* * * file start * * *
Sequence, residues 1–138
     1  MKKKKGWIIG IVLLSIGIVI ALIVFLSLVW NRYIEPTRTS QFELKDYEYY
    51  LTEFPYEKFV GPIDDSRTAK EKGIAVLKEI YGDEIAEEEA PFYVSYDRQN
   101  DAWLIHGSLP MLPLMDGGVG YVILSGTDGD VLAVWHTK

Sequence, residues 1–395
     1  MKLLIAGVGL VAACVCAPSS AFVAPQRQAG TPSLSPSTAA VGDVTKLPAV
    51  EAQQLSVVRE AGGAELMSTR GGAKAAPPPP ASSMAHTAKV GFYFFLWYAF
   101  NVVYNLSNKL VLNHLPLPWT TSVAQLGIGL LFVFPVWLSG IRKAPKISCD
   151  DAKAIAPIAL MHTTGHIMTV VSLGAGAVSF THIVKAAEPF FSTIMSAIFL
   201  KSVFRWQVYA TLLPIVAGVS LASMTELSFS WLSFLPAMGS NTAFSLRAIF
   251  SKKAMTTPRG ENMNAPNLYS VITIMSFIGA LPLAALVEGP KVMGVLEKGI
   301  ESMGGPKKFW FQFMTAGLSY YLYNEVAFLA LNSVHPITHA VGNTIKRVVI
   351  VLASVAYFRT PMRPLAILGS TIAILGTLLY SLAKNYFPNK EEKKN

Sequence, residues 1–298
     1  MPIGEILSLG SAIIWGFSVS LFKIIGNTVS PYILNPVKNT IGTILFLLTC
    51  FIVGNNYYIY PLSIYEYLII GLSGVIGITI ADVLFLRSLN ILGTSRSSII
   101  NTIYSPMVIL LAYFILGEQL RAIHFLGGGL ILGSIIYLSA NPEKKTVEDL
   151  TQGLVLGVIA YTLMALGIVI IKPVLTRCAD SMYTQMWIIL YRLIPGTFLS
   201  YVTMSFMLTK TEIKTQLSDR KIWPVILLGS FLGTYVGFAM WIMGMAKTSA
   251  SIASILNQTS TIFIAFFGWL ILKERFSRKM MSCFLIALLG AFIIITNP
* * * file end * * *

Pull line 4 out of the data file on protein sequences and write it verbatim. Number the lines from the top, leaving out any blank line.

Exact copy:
   101  DAWLIHGSLP MLPLMDGGVG YVILSGTDGD VLAVWHTK